Influencer Relations vs. Influencer Marketing: What’s the Difference?
Influencer relations is a slang term for media relations. It occurs when a public relations practitioner treats industry influencers as if they were journalists. To be more specific, they would send influencers an email or call them on the phone to pitch news and stories. There is no monetary compensation for any services or tales written. It’s all about influencer relationships and 100% earned media. Influencer relations is an important part of the public relations team’s job.
Is Your Influence Measuring Method Correct?
Using data and analytics to find the most relevant influencers is the first and most important step in assessing influence. As a result, you must be aware of how influence is measured. If you get this wrong, your entire influencer marketing campaign will fail, and you’ll have a lot of explaining to do with upper management. On multiple times, I’ve witnessed marketers rush through the process of identifying influencers and launching a marketing campaign in order to make a deadline. The program may not fail spectacularly, but you won’t get the outcomes you want, and you won’t see the marketing ROI of a well-thought-out B2B influencer approach.
It’s difficult to quantify influence because it’s subjective. Too many marketers rely only on the influencer marketing platforms’ outputs and reporting. It’s a good beginning, but it only tells a little part of the story.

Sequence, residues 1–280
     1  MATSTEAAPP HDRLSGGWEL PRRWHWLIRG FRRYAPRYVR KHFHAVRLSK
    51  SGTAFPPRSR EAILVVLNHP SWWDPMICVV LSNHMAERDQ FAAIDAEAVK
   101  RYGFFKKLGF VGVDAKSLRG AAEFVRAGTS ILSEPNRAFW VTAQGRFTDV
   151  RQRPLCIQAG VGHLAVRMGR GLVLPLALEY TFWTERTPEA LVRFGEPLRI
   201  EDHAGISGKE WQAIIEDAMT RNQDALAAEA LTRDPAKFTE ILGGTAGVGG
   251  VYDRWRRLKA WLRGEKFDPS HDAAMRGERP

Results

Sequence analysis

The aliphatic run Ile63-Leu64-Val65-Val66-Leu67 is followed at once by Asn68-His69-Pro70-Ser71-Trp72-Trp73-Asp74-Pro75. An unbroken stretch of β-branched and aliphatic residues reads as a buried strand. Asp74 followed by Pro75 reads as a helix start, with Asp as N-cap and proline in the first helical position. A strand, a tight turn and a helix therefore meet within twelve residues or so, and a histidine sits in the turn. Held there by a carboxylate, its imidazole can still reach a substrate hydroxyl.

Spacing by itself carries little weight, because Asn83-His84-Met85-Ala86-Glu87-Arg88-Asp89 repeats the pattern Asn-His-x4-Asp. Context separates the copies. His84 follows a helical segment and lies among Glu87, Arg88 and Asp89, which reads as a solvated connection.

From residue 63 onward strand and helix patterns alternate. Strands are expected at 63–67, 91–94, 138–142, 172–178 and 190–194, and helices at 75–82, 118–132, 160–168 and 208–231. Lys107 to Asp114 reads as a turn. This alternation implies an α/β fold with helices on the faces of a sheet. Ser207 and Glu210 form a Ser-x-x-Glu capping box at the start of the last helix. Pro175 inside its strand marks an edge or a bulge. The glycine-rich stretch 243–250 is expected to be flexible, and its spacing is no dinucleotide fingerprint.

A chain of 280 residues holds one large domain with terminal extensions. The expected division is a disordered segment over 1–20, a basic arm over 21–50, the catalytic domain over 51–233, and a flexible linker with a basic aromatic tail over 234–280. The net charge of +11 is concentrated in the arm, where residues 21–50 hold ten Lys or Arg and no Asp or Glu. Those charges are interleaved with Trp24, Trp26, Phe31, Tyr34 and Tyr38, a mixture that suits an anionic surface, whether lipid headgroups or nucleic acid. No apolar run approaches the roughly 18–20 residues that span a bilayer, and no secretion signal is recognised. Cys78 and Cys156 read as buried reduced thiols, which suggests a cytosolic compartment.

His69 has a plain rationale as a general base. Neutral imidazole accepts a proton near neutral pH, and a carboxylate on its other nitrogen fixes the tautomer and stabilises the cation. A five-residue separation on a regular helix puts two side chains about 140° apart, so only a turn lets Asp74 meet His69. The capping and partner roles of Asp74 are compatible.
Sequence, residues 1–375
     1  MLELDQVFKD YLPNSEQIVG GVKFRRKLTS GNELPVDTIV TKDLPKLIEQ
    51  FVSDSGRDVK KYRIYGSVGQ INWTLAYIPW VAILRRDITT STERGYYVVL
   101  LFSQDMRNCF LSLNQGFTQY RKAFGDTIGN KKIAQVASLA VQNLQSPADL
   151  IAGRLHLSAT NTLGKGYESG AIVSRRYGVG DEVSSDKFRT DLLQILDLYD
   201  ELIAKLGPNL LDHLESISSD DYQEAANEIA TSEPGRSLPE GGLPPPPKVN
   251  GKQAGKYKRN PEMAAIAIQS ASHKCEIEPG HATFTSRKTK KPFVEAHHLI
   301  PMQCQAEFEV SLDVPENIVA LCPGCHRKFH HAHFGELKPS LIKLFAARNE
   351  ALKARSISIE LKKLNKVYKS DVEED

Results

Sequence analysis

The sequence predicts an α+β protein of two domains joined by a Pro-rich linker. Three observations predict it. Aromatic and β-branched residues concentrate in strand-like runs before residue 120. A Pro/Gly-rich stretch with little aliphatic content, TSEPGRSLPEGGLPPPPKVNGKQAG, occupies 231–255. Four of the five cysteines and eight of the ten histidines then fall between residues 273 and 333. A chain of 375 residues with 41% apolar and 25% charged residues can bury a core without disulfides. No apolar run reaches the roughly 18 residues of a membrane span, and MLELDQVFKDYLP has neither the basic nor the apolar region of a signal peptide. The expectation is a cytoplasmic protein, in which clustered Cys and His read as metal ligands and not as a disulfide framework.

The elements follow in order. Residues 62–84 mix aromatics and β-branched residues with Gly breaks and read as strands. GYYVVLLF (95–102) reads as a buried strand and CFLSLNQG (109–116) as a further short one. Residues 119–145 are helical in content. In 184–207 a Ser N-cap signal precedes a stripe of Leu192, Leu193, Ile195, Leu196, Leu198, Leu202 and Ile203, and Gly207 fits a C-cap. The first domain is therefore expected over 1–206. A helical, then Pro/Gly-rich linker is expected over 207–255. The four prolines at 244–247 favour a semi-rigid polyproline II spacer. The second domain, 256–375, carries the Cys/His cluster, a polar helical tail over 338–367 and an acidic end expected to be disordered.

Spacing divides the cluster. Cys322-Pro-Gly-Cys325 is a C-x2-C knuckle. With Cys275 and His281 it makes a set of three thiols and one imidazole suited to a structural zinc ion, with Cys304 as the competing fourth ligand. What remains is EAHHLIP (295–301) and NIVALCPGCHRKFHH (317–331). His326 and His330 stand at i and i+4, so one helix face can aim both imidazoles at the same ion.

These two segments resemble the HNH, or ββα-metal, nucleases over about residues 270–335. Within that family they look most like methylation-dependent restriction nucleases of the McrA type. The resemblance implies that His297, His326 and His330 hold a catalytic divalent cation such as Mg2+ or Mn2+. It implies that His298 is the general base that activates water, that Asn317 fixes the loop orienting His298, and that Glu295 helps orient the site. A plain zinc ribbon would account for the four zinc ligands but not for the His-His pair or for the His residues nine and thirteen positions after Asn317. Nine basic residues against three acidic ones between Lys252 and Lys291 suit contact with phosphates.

This is why. Most platforms typically employ three data points to determine influence:
- Their social community’s size is referred to as their reach.
- Relevance: How frequently do they discuss a topic?
- Resonance: The amount of interaction people receive as a result of sharing and creating material.
Because it’s all about numbers, these B2B influencer marketing solutions excel at it. That is all there is to it. Even when using diverse algorithms, most systems rank topical-based industry influencers in a consistent manner. The three data points are only differently weighted.
Reference is the final step in determining influence. There are two equal pieces in the reference. First, it determines how frequently (if at all) the media or other influencers make mention of the person in issue. Are they mentioned in publications, reports, blog posts, podcasts, or social media, in other words?
The second factor is how frequently a certain audience, such as developers, security engineers, or CTOs, mentions the influencer. Unless you have access to a social media intelligence tool that can save you time and money, this can be a painstaking procedure.
Here’s why referencing is crucial.
Assume you’ve conducted research on 5G influencers and have determined the top five with whom you intend to collaborate. They all have large communities, they all talk about 5G, and they all receive a lot of engagement from their followers when they do. The media, other influencers, and other audiences have all mentioned four of the five influencers. Do you collaborate with the one influencer who hasn’t been mentioned by anyone else? It is debatable.